According to the late author and teacher Joseph Campbell, mythology teaches that we all carry destructive “dragons” in our unconscious. Dragons are learned conditional patterns in your psyche that constrain you. They are messages internalized from the culture or family that say you shall do something to be valued, approved of, or fit in: you shall make money your life goal, you shall have children, you shall belong to a certain religion, you shall not exceed your father’s or mother’s success, you shall not be an artist, you shall become a banker, you shall be heterosexual, you shall hide your ethnicity, you shall smoke, you shall get married, buy a house, become a house keeper, get a college degree, become an alcoholic (like the rest of us), etc. Some of these “shalls” could fit your authentic life, others will not.
Campbell teaches that the ancient tradition of slaying the dragon was metaphorical for slaying these “shalls.” In the story of the warrior who slays the dragon, the warrior approaches the dead dragon and finds that on each scale of the dragon is written the words “thou shalt.” The warrior then tastes the blood of the slain dragon—that is, he internalizes the power that it took to slay it. He is then ready to lead his true, authentic life.
So what does this slaying of the dragon entail in real time? It entails approaching and overcoming (i.e. slaying) the internal fears and doubts that hold you back. This could look like psychotherapy, silent meditation retreats, twelve-step recovery from heroin addiction, alcohol, gambling, or sex addiction, etc. We could do primal scream therapy, deep grief work, Al-anon recovery, codependency recovery, etc.
When we are “running from the dragon” we are acting out our fears. A friend of mine recently made a movie on heroin addiction. One of the actors, a recovered addict himself, actually relapsed, overdosed and died shortly after the movie was released. The dragon of addiction can be a treacherous one to slay. The“slaying” is usually a lifetime challenge. One might get a good amount of recovery and turn their back only to find the dragon has recovered and coming back at them.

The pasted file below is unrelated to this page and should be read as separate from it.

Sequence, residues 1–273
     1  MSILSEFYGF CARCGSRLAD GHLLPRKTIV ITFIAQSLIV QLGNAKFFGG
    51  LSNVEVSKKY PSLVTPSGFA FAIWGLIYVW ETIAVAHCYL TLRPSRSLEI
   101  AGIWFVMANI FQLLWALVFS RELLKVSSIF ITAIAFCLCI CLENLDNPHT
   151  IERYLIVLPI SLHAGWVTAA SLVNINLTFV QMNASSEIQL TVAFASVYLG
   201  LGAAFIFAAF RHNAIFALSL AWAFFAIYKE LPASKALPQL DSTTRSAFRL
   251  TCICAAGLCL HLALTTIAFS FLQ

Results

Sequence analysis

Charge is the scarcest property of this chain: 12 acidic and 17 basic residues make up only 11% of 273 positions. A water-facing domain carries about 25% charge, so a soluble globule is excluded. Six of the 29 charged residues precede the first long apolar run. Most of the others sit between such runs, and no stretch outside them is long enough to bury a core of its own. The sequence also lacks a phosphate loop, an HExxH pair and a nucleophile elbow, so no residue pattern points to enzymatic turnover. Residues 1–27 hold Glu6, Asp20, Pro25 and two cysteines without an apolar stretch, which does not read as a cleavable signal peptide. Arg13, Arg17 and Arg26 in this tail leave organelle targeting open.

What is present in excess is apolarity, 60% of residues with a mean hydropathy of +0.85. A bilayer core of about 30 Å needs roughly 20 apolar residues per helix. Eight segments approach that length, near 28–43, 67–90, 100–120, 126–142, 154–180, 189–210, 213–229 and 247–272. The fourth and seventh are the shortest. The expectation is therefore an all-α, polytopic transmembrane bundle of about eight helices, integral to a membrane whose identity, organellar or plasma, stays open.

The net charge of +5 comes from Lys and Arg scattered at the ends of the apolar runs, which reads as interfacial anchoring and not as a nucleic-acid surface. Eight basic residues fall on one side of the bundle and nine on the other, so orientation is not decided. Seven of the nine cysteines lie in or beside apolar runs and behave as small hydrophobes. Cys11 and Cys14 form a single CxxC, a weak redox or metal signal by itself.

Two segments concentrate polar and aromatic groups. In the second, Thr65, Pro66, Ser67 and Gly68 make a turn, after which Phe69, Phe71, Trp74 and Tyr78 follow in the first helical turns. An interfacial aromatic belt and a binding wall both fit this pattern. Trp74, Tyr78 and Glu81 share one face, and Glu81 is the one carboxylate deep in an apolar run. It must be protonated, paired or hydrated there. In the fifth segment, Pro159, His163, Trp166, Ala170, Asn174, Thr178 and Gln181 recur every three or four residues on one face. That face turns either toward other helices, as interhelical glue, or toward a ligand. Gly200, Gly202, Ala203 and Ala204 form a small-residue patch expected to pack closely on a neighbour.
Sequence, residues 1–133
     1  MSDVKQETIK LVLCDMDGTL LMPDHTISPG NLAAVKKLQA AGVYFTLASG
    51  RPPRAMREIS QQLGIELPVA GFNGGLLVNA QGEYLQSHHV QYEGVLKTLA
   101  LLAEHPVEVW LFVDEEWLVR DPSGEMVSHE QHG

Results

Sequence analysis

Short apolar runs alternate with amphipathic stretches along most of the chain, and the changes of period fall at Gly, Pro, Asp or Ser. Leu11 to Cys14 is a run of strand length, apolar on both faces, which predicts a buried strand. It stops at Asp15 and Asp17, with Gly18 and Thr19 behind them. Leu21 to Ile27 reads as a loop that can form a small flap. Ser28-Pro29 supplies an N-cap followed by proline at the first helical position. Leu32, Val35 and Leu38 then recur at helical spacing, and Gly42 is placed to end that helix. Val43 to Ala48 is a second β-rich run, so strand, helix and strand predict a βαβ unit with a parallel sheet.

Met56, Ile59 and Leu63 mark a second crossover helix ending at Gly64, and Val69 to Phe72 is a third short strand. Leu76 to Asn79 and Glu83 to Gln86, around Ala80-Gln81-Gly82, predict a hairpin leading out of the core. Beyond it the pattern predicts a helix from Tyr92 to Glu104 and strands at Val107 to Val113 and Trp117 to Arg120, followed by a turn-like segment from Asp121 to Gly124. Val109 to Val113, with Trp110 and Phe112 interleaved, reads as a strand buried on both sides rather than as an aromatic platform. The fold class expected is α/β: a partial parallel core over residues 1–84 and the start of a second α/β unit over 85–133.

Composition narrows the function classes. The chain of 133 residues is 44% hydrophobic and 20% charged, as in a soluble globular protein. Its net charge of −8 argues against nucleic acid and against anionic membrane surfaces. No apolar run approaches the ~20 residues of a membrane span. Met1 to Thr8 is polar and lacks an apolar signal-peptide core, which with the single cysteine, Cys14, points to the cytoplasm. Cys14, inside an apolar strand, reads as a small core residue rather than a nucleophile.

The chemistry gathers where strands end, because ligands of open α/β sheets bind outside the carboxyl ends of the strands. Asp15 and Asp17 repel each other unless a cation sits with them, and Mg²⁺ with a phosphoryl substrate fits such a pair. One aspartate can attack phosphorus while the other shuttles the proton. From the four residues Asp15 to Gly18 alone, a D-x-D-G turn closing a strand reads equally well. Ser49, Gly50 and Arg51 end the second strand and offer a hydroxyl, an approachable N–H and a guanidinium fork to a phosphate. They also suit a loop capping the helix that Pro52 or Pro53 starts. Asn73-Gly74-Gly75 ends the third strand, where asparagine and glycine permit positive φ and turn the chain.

The book Eat Pray Love is a true-life depiction about the author, Elizabeth Gilbert, who finds herself married, in a suburban lifestyle, and suffocating. She is living a “thou shalt” life. Miss Gilbert didn’t want to be married, have a house, or get pregnant. She was doing what her dragon told her to do— what she “shalt” do to fit in, be accepted, etc. She has a nervous break down, picks up the sword of her own truth, and goes on a journey of self-discovery by leaving everything behind and seeking teachers in Bali, Italy, and India. In the process she “slays her dragons” and finds a life of deep authenticity and tremendous success.
Oprah Winfrey recounts how as an impoverished girl in Mississippi she watched her grandmother hang laundry on lines outside. The women in the family were traditionally all maids. Her grandmother said to Oprah, “Now you watch me, you’re going to do this one day.” (i.e. be a maid). Winfrey remembers even then saying to herself, “No, I’ll never do what you’re doing.” Oprah was slaying thou shalt dragons early on.
When we take our own authentic adventure into life we require a certain ferocity that throws off the “thou shalts” that do not fit, and also adopt others that will. “I shall remain sober.” “I shall become wealthy and contribute to society.” “I shall become an artist.” “I shall serve humanity in my career.” “I shall devote myself to a spiritual path.” or, unlike my family, “I shall become an atheist.” The key is that you find what is authentic to you and no one else.